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The Best Scenic American Highways For Your Next Road Trip 

The United States is massive, so if you want to see as much of it as possible, you need to be strategic. Luckily, the U.S. is also full of scenic highways, to help you reach these breathtaking locations. If you’ve been looking for summer road trip inspiration, here are our favorite scenic highways throughout the United States.

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Overseas Highway, Florida

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If you want to get to Key West, Florida via land, the Overseas Highway is your only route. The Overseas Highway has become an incredibly popular drive to make when you’re in Miami, also known as “the Highway that goes to sea,” consists of 42 bridges and is part of the longest US north-south route, Highway 1.

Key Stops: While in Key Largo, make sure to stop at John Pennekamp State Park, the first underwater state park. They offer Glass Bottom Boat Tours where you can take in the beautiful aquatic wildlife. Stretch your legs in Marathon, and take the opportunity to swim with the dolphins at the Dolphin Research Center. With beautiful ways to connect with the flora and fauna that Florida has to offer, you’ll want to take your time with this one.

Must-Stop Photo Opp: When you finally complete your trek, you’ll want to snap a picture with the iconic Mile Marker 0. You’ll want to take in these breathtaking sunrises and sunsets during this trip. Make sure your cameras are ready.

Historic Route 66, Chicago, IL to Los Angeles, CA

Image by Camilo Morales

Coming in as the longest scenic highway on the list, Historic Route 66 (also known as “Main Street of America”) has a special place in pop culture. The National Parks Service highlights over 100 sites for you to add to your itinerary. To drive Route 66 in its entirety would be over two thousand miles. 

Key Stops: Route 66 has so many beauties and oddities that make it hard to choose. Grab a bite to eat at the Route 66 Diner and bask in its neon glory. Stop in at the Largest Catsup Bottle in the world and spend the night at the Wigwam Motel. If you have kids with you, make sure to stop at the Route 66 Hall of Fame and Museum in Pontiac, Illinois, and Cars on the Route in Galena, Kentucky to learn a little bit of history about the movie Cars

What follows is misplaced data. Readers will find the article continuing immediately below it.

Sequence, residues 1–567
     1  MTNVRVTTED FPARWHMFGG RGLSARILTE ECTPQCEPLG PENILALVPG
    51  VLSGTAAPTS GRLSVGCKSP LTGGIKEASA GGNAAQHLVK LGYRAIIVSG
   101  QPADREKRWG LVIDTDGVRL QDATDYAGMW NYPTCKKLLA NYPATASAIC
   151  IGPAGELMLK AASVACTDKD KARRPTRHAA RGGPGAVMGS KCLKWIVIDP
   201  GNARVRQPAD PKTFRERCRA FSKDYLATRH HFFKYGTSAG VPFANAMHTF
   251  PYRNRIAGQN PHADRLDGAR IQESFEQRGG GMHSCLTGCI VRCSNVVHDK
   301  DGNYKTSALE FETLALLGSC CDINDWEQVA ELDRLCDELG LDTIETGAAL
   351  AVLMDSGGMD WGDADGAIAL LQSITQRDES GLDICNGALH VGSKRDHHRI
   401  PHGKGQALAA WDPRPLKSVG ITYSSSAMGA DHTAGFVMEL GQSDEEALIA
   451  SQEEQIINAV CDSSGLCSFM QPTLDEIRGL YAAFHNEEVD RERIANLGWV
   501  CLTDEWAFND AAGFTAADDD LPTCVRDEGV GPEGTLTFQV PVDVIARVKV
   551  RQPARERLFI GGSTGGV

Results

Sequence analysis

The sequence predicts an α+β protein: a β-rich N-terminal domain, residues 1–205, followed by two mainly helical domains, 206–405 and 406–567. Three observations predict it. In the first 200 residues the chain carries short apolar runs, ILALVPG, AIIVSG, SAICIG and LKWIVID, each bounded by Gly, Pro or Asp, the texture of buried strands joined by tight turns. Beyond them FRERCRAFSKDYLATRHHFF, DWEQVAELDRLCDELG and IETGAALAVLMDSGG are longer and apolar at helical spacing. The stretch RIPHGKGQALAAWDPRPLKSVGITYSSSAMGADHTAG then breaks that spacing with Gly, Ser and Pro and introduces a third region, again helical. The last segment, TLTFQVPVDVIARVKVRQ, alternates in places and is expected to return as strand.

With all of these options to plan an amazing road trip, there are more than enough reasons to take a drive down Route 66. Nicknamed “the Mother Road,” Route 66 will take you to ten National Parks and Monuments including the Gateway Arch, the Grand Canyon, and the Hoover Dam.
Must-Stop Photo Opp: The Route 66 End of the Trail sign, located at the Santa Monica pier.

Blue Ridge Parkway, Virginia to North Carolina

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Known as “America’s Favorite Drive,” the Blue Ridge Parkway consists of 469 miles to drive through diverse ecosystems, some only found in the Appalachian Mountains. This highway runs from Shenandoah National Park to the Great Smoky Mountains.

Key Stops: Make sure to do the Skyline Drive in Virginia to take in the gorgeous rolling hills of the Blue Ridge Mountains, and stop in at the Largest Single Family Home in America, Biltmore in Asheville, North Carolina. At milepost 213, take a break to stretch your legs and enjoy some classically Appalachian tunes at the Blue Ridge Music Center. 

Of course, there will be plenty of beautiful places to stop and take in the beauty that the Blue Ridge Mountains have to offer. 

Interested in learning a bit more about the rich history of Appalachia? Stop in at the Folk Art Center, Museum of the Cherokee Indian, and the Asheville Art Museum to better understand the history of craft that is quintessential to the Blue Ridge Mountains.
Must-Stop Photo Opp: Mount Mitchell, the tallest peak east of the Mississippi River, and take at Sliding Rock in Pisgah National Forest. 

Mount Washington Auto Road, New Hampshire

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We’ve all seen that classic “This Car Climbed Mt. Washington” sticker, but why is it so iconic? Mt. Washington’s Auto Road is known as the first Man-Made Tourist Attraction. It is the highest peak in the Northeastern United States and is worth the drive to see the beautiful views. Mount Washington is also known for its extreme weather patterns. If you love to explore in the snow, this is the scenic drive for you.

Key Stops: If you want to see the peak but you’re not interested in taking your car, take the Mount Washington Cog Railway or a SnowCoach. The Cog Railway will take you from 2,700 feet above sea level to 6,288 feet and the SnowCoach will take you to the highest peak. When it’s snowing, make sure to pack the skis and take a trip down Great Glen Trails. 

If you’re interested in seeing some of the natural wildlife in the area, make sure to check out the Gorhman Moose Tours or go on a dog-sled tour with Muddy Paw Sled Dog Kennel.
Must-Stop Photo Opp: If you’re going to New Hampshire in the warmer months, make sure to check out Tuckerman Ravine for beautiful photographs and hikes. 

Road to Hana, Hawai’i

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Though you can’t necessarily take a road trip to the Hana Highway, it is one of the main attractions on the island of Maui. The Hana Highway is known for its immense beauty and waterfalls. The road will take you through rainforests and other beautiful scenery during your trip to Hawai’i.

Known for the beautiful waterfalls, many people stop at the first ones they see, causing traffic and a lack of parking. When you drive the Hana Highway with a guide, they’ll show you the most gorgeous waterfalls on the highway.